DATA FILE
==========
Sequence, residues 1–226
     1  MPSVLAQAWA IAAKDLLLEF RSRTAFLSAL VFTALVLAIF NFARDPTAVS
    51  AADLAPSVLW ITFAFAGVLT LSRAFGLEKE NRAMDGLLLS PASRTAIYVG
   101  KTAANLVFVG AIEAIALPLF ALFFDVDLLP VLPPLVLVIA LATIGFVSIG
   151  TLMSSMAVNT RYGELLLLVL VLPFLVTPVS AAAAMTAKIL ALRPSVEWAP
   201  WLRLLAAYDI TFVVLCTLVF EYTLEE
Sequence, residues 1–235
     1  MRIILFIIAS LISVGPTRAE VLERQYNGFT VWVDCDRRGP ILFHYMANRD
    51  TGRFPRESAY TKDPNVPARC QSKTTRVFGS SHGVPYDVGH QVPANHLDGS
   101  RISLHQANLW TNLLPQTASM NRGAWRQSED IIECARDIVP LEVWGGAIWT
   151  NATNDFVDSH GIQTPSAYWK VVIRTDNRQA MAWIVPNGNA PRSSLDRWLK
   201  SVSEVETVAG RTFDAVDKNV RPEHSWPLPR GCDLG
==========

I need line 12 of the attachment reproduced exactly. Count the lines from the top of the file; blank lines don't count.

   201  SVSEVETVAG RTFDAVDKNV RPEHSWPLPR GCDLG